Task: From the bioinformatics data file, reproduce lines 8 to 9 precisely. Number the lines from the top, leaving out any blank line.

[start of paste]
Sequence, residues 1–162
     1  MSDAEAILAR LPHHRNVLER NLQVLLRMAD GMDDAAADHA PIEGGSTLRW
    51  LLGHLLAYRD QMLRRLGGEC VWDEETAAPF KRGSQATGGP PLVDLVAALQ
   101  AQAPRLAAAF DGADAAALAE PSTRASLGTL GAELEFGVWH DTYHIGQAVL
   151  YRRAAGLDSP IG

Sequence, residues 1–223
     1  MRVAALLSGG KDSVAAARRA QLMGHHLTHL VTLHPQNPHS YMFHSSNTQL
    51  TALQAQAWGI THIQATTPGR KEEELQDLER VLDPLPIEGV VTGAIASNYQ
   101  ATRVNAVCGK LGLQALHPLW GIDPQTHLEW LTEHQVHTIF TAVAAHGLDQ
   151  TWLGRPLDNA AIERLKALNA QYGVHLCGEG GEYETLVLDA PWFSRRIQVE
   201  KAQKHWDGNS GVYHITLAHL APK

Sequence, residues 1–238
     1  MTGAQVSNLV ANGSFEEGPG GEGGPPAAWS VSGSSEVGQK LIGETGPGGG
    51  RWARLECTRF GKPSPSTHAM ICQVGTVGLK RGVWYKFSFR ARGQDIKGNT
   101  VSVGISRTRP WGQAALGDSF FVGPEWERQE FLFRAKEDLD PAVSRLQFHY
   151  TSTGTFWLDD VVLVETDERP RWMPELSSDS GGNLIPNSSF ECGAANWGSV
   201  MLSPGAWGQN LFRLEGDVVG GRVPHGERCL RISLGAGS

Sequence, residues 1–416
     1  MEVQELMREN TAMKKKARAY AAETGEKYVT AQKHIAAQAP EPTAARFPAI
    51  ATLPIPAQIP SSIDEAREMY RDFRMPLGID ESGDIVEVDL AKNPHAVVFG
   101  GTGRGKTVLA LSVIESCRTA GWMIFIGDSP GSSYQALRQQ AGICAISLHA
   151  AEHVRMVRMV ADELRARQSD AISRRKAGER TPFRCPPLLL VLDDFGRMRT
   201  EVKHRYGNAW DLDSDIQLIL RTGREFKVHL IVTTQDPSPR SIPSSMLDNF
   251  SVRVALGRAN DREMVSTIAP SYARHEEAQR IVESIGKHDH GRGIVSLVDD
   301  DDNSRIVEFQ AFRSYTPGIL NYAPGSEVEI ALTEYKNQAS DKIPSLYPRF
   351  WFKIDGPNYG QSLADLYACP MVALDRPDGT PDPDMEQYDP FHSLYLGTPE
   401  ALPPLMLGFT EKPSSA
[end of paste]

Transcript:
    51  TALQAQAWGI THIQATTPGR KEEELQDLER VLDPLPIEGV VTGAIASNYQ
   101  ATRVNAVCGK LGLQALHPLW GIDPQTHLEW LTEHQVHTIF TAVAAHGLDQ